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A couple of weeks ago, I had the chance to spend a whole week with my 11-year-old niece, Brooke.

The day after she flew in from Colorado, we headed over to my gym here in Baltimore. It’s a Crossfit gym, so there’s lots of open area and rings that hang from the ceiling for things like “muscle up’s.”

With a gymnastics background, Brooke had a whole new appreciation for these rings. My jaw dropped as she put one foot in each ring, and then dropped into a split. Actually, I cringed, though she wasn’t fazed in the least.

As a result of pain in my lower back, my physical therapist had instructed me to stretch out the muscles on the inside of my legs.

As I was stretching, Brooke came over and asked, “Auntie, are you trying to get the splits?”

“That would be awesome, but no—just trying to stretch out these muscles.”

“Would you like some help with your flexibility there?”

Of course I wanted to learn from her, so I jumped up and asked what she had in mind.

She grabbed two boxes and put them across from each other. “Okay, Auntie,” she demonstrated, “put one foot on the box. Do you feel that stretch?”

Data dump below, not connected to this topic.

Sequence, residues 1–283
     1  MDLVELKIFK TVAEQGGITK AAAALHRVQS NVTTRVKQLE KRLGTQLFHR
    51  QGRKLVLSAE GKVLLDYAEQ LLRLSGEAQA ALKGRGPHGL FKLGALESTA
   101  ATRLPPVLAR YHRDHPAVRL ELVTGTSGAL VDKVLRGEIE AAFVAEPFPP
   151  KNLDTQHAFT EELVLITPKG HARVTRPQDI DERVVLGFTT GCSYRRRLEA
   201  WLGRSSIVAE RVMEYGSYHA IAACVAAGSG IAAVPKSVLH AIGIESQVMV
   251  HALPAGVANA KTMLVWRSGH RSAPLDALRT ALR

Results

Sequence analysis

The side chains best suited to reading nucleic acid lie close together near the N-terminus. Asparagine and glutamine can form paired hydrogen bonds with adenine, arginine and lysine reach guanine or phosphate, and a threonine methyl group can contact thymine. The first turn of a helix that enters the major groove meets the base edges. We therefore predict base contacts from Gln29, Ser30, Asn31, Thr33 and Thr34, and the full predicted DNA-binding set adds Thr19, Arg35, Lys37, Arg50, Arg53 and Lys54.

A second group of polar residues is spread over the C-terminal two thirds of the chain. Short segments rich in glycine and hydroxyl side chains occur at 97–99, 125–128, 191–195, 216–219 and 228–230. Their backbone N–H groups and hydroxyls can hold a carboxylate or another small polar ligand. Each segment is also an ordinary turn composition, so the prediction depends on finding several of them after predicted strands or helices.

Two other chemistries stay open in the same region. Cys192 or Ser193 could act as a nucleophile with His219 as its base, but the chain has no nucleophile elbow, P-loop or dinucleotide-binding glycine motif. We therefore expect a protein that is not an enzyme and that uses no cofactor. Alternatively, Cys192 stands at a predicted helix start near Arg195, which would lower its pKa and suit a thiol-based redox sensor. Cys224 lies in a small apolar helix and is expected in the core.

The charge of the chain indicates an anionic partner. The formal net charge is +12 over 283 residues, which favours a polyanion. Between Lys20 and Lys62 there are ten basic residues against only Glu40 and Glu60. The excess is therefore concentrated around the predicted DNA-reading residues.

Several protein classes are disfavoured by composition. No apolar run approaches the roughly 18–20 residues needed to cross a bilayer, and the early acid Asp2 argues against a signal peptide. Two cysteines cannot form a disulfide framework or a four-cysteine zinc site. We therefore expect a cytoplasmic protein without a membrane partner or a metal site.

“Okay, now drop,” she said as she dropped down into a full split.

“Seriously? That’s not in my cards for today, Brooke.”

“Come on. Drop down a little,” she insisted, and so I did.

“A little more. Come on, Auntie.”

Before I knew it, I was stuck! That’s what happens when you try to impress an 11-year-old gymnast with your flexibility.

Tilting backward, I managed to fall out of that mess, with the tiniest, “OUCH!”

Flustered, I said, “Brooke, you make that look so easy. It’s not that easy.”

“Auntie,” she commanded my attention, “I have been working at this every day since I was four! It’s going to take you some time and practice to get there!”

There is nothing like getting a lesson on patience and persistence from your 11-year-old niece, but man is she right.

If you’re anything like me, and don’t particularly love being new at something, consider Brooke’s sage advice and be patient with yourself as you persistently work to improve.

I used her philosophy in swimming this week, as I just learned a more efficient—but radically different—kick. It’s hard and frustrating, but I keep hearing Brooke’s voice and remembering her lesson.

What are you learning right now?

Here’s to Your Greatness,

Misti Burmeister